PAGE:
14th Brooklyn wrote:I seem to remember reading somewhere, that they wore green trousers during the 100 days. But I can not remember where. I thought it was Franklin, but he only has info regarding the officers pantaloons. So I am not sure, might have been Adkins book.
Bottom line is, I painted them green, with the exception of two or three to have a little more diversity.
One more thing. The Mont Saint Jean site is nice and sure a huge effort, but unfortunately it is at times wrong, since he often just used copy and paste for units. And at times it differs from any other source. So I would always try to verify the info before painting minis accordingly. If you have a lot of British units I would advise the Franklin book. It is the bible on British Napoleonic uniforms.
He Burkhard "14th Brooklyn",
many thanks for your reply and information.
I have in-depth research in the books I have available, and I found that the confusion between green and gray trousers can be derived from the fact that they had gray ones the men of the King's German Legion, as I found in the book of Osprey (The King's German Legion - Men -At-Arms Series) dedicated to this unit who also fought at Waterloo (picture C2 - Officer, 1st Battalion Light and picture D1, Riflemen, 2nd Light Battalion).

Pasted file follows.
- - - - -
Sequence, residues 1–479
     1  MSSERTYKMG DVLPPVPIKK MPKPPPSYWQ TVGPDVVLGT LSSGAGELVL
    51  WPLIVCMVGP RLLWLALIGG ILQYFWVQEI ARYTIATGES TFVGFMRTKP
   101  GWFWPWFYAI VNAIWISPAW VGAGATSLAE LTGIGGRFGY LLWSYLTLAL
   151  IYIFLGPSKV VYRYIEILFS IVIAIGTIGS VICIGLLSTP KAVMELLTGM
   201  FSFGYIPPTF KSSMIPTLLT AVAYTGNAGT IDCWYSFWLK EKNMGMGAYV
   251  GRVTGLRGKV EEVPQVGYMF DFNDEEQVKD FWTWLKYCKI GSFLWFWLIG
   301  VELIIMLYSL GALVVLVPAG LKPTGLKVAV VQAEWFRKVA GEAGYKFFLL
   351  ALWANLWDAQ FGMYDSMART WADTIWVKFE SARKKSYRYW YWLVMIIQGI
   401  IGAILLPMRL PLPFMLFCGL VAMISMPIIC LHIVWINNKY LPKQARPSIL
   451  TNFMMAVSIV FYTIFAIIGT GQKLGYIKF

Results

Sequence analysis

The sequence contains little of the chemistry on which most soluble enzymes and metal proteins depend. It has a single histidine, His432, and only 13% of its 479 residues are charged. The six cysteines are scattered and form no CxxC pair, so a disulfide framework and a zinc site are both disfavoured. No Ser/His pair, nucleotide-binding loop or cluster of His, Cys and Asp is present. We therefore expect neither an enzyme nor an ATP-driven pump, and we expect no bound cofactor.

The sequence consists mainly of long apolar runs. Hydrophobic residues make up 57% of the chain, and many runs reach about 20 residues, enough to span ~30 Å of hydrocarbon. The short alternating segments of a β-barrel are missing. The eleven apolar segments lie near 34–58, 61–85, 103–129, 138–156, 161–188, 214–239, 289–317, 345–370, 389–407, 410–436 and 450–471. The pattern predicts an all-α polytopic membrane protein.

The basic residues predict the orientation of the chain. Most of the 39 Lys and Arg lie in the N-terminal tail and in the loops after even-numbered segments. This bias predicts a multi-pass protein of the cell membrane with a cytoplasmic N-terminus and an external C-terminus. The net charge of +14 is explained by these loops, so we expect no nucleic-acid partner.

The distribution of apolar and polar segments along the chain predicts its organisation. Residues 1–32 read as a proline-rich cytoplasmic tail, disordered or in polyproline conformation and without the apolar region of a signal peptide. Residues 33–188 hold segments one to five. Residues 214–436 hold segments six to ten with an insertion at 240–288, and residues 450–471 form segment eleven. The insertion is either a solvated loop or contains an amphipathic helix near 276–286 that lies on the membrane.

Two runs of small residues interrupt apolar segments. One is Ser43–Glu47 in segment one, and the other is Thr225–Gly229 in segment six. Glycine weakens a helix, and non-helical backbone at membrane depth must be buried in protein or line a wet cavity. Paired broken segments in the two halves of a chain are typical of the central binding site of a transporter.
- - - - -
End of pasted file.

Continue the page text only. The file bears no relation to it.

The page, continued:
Instead, in the Osprey book dedicated to the army of Wellington (Wellington's Peninsular Army - Men-At-Arms Series) the Rifleman of 95th has green trousers (picture C1, Riflemen, 95th Foot - The Rifle Brigade).
The same color green is reported by Ugo Pericoli in his book on Waterloo (1815 The Armies at Waterloo): table 118 - 95th (Rifles) - Officer and Private Riflemen.
I therefore agree with you to give the green color to the trousers of my Front Rank Riflemen of the 95th.